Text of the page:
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Real Poison Center Case

The poison center received a call from the mother of a 12-year old boy who was playing outside his home when he was bitten on the leg by a snake. The boy described the snake as having a brownish, grayish pattern and stated it was curled-up in a striking position next to his bike. The specialist on the phone recommended that the boy be taken to the nearest hospital right away. At the hospital, the doctor noticed that the swelling was minor and there were no other symptoms other than pain and redness at the site of the bite. It was determined that the snake was non-venomous after the boy’s father captured the snake and called the poison center back to describe it. The boy was held for observation for a few hours and was released later that evening.

The snake that was described over the phone was likely a bull snake. It looks similar to a rattlesnake in pattern, colors, and behavior, but it does not have the elliptical eyes or a rattle at the end of the tail. Bull snakes can be more aggressive that rattlesnake but do not have venom. Bull snakes can be found in the same environments as rattlesnakes an can change the shape of their head and shake their tail to mimic a rattlesnake. It is important to note that one should never try to capture a snake. A visual description can be helpful, but only if it can be done safely. Never wait for symptoms to appear; call the poison center or seek medical attention right away if someone is bitten by a snake.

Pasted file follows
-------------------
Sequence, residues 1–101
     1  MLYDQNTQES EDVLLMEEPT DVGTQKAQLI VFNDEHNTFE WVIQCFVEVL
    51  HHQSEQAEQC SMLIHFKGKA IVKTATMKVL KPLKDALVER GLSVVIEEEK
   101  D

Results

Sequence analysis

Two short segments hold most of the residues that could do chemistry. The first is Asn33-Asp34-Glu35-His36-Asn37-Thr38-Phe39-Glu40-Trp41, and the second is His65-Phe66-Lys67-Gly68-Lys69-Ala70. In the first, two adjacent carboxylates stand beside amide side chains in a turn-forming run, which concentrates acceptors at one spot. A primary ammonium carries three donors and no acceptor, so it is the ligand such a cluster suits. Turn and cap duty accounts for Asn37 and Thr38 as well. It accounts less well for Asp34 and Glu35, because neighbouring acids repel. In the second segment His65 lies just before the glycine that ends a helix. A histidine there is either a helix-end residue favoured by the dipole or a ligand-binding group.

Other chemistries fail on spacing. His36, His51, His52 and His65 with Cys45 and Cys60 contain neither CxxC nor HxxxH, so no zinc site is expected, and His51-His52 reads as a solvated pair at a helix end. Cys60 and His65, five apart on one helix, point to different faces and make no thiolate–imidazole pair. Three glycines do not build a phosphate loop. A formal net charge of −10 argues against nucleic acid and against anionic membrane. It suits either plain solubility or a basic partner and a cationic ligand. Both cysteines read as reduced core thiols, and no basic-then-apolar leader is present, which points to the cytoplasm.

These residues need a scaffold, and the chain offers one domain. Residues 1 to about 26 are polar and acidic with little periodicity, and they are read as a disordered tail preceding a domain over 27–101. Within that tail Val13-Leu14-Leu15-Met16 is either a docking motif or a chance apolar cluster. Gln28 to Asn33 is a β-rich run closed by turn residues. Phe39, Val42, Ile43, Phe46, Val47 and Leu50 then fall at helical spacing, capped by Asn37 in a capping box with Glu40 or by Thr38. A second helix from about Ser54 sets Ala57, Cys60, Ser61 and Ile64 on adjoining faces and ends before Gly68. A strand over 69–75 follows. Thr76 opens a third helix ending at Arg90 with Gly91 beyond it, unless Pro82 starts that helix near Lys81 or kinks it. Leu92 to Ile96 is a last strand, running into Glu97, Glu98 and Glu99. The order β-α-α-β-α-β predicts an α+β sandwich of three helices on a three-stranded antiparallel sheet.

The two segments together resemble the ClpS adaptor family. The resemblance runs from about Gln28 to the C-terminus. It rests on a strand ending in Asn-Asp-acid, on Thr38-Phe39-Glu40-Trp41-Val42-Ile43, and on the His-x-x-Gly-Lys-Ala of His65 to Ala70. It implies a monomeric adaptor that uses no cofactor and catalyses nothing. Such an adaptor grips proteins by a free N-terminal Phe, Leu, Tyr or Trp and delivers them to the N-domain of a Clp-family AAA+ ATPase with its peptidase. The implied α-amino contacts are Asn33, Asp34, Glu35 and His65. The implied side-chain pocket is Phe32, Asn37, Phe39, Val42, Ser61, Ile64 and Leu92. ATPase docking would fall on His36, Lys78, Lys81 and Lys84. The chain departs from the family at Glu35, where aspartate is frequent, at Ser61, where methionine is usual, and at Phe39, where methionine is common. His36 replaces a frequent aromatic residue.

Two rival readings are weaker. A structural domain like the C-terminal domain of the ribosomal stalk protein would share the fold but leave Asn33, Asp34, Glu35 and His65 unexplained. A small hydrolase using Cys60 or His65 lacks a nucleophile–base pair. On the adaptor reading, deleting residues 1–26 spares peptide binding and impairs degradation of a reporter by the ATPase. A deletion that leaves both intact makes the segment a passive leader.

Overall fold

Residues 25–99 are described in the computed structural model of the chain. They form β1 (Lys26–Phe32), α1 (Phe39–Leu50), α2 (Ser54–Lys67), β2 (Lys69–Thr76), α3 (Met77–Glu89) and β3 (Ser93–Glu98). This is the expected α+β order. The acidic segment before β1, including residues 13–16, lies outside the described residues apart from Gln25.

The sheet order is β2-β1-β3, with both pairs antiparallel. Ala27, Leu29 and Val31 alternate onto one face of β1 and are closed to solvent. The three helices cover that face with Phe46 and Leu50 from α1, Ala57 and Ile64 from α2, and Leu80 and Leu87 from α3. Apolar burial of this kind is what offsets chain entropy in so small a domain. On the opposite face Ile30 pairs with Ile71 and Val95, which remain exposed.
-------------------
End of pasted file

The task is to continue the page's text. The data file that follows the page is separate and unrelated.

Poisonous Plants

Summer is here and so are those pesky plants. Poison ivy, poison oak and poison sumac are everywhere. They grow in wooded places across Texas. Poison Ivy and poison oak grow as vines or shrub and poison sumac is usually a shrub or tree. They say "leaves of three, leave it be" but that only applies to poison ivy and poison oak. Poison Sumac leaves grow in clusters of 7-13 leaves with one by itself at the end.

To protect yourself, consider the following:

  • Keep your skin covered to avoid contact with these plants.
  • Wear a long-sleeved shirt, long pants, gloves, and closed shoes if you're in an area where they grow
  • Urushiol [yo͝oˈro͞oSHēôl] begins to stick within minutes. If you know you’ve made contact with poison ivy, oak, or sumac, wash the area with lukewarm water and soap ASAP.

Poisonous Snake Highlight

Western Diamondback Rattlesnake

There are four kinds of venomous snakes in Texas: coral snakes, copperheads, cottonmouths (water moccasins) and rattlesnakes. In this newsletter, we will focus on the infamous Western Diamondback Rattlesnake.

In Texas, there are 10 species of rattlesnakes. The Western Diamondback Rattlesnake easily rates as one of the most dangerous snakes in the U.S. This species causes more fatalities than any other snake in the United States. It's venom is considered to be Hemotoxic, which means it affects the blood and damages the tissue.


  • Heavy-bodied snake
  • Triangular-shaped head
  • Two dark diagonal lines on each side of its face running from the eyes to its jaws
  • Dark diamond-shaped patterns along its back 
  • The tail has black and white bands just above the rattles
  • Adults vary between 32-74 inches (81-188 cm) on average


  • Intense pain
  • Edema & swelling
  • Bleeding disorders
  • Numbness & weakness
  • Increase heart rate, vomiting & confusion


  • Call the Poison Center at 1-800-222-1222 for instructions on all snakebites.
  • All snakebites should be examined and treated by a physician
  • If bitten, note time of the bite, remove jewelry or other items that might constrict swelling, and remain calm.
  • Do not try to capture the snake.
  • Do not cut the wound and try to extract the venom.
  • Do not use ice or a tourniquet.
  • Do not take pain relievers or other medications without first seeking medical advice. Do not drink alcohol.

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